Re: New Members-say hello

Posted by Essjay on Oct 20, 2020 7:47 am

SueZQ‍ hi there (love your username BTW)...

Its a whirlwind getting diagnosed and then it’s hurry up and wait. Wait for appointments, wait for results etc.

I remember my surgery consult very well. I was shocked at being given the choice between a lumpectomy and a mastectomy and needing to choose there and then...

You will be asked all kinds of questions about your medical and family history, and they will tell you what they know about your cancer from the biopsy. The surgeon will go through your options - lumpectomy plus radiation gives as good a chance of saying goodbye to cancer as a mastectomy. A mastectomy is a much more complex surgery, and reconstruction takes multiple surgeries.

But they will give you a chance to ask questions - I had a notebook of them. I sat down the night before with my husband and we wrote our own. We had questions about the surgery - what the surgeon would do, and recovery afterwards. I’m an active person so I wanted to know how long before I could get back to the gym. And time off work. 

I had lots of questions about what happened after surgery, but my surgeon only really knew about the surgery not chemo or any other treatment.

Have you found the breast forum yet - lots of discussions about treatments specific to breast cancer. You are among friends here. Women (and a couple of men) who have had all kinds of treatment, in all different stages, and they will chime in and help with any questions.

Where are you being treated?

How are you doing now the diagnosis is sinking in?

best wishes, Essjay
Triple Negative Breast Cancer survivor since July 2018

Re: New Members-say hello

Posted by SueZQ on Oct 20, 2020 11:15 pm

thank you for the welcome, and the information. 
My anxiety is way up, but I've been distracted somewhat, recovering from the biopsy. Still hurting. 
I'm going to Newmarket. I'm told they have a great cancer unit.

Hanging in,
Sue

Re: New Members-say hello

Posted by Apple73 on Oct 22, 2020 5:28 am

Kuching, Thank you for your comment.  I'm leaning to moving back to Manitoba.  Here, I just bought a house, it's a house.  The house in Manitoba, I call it a home.  Selling the house and moving is a lot of work but I can get involved, better than my husband doing all alone.

Re: New Members-say hello

Posted by IlaE on Oct 22, 2020 11:22 am

JustJan‍ 
Hello Jan, 
Thank you so much for your note and for sharing your story. 
Thinking we were going with surgery first, we paid for private genetics testing so we would have that information and all came back clear. Now that we've switched to chemo first, that information wasn't as urgent but we're still glad to know.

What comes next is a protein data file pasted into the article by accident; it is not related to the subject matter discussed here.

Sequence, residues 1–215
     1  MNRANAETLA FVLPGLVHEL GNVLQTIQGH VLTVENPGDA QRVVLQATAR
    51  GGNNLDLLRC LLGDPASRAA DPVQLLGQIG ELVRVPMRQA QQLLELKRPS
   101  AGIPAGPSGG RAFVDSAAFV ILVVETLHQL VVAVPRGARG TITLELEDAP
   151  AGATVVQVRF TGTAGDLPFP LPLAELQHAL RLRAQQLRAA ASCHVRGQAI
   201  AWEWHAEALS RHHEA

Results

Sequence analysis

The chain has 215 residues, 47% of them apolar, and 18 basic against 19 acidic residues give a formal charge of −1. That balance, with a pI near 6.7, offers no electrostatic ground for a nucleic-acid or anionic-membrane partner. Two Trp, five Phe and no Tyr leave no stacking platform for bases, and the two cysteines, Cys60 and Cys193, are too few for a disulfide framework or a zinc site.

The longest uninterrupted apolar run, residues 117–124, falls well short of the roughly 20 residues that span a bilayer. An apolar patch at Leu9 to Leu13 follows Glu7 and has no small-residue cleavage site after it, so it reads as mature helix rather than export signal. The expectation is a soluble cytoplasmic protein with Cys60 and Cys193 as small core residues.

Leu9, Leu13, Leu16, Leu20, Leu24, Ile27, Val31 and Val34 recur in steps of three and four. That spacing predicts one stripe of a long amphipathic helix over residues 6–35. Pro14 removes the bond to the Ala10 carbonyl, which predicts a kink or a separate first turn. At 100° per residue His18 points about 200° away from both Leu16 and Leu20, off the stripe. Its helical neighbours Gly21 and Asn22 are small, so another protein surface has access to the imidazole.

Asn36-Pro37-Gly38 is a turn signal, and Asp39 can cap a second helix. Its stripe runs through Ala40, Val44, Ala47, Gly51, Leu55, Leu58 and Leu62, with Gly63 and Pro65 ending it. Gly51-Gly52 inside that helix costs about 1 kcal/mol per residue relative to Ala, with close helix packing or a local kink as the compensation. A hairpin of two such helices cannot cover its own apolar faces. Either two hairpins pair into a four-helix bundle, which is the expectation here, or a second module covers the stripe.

I didn't really have a choice about chemo. It was part of the cure plan whether I went with surgery first or not. Where I feel I have choice is with surgery options and radiation. Every fibre in my body screams no to radiation. Thankfully we are not at a point where that's a decision we have to make yet. I find it interesting how so many people have opinions about radiation and feel "that's the easy part." But they're bystanders - not dealing with a cancer diagnosis, chemo or radiation or all of the other lovely things we're dealing with on a day to day basis. It makes me want to scream there's nothing easy about any of this!!!!!!
I'm through round one of chemo, on day 8 today. Taking it one day at a time and thanks to good advice from Essjay‍, have been moving every day. It snowed here in Calgary a few days ago, but I just bundle up and take it easy. I took this week off of work, but plan to work next week (I'm self employed) at reduced hours. I need to keep my mind active. I'm also assuming by the time chemo is done, I'll have organized every square inch of my house.  
My husband is starting a temp job the first week of November and won't be able to take me to my next chemo appt. I asked my sister to take me - she's the oldest, I'm the baby. She's fiercely protective in a grumpy, crotchety-sweet kind of way. I offered her the option of just dropping me off and not coming in with me. I don't think she wants to see me with the IV in my hand, receiving treatment. Honestly I don't blame her - it's not a pleasant memory to have etched into your brain.  Curious about what others have done for their appointments? had someone stay with you or gone on your own? the treatment I'm receiving requires the nurse to manually push two of the meds - so she's with me for about an hour. Then the remaining hour or so I'd be on my own. 
Wow, covered a lot today - didn't realize I was percolating on all this and, so thankful for you all and the support of this community. Thanks for creating a space for all of us to share. 

If any of you are on Instagram, I've been posting almost every day. You can find me @ilaedgar

A current fav:
I've read that being a mom means whispering WTF to yourself daily.
Ok, first of all .... I didn't know we were supposed to be whispering it.

Happy Thursday everyone!!
oxoxo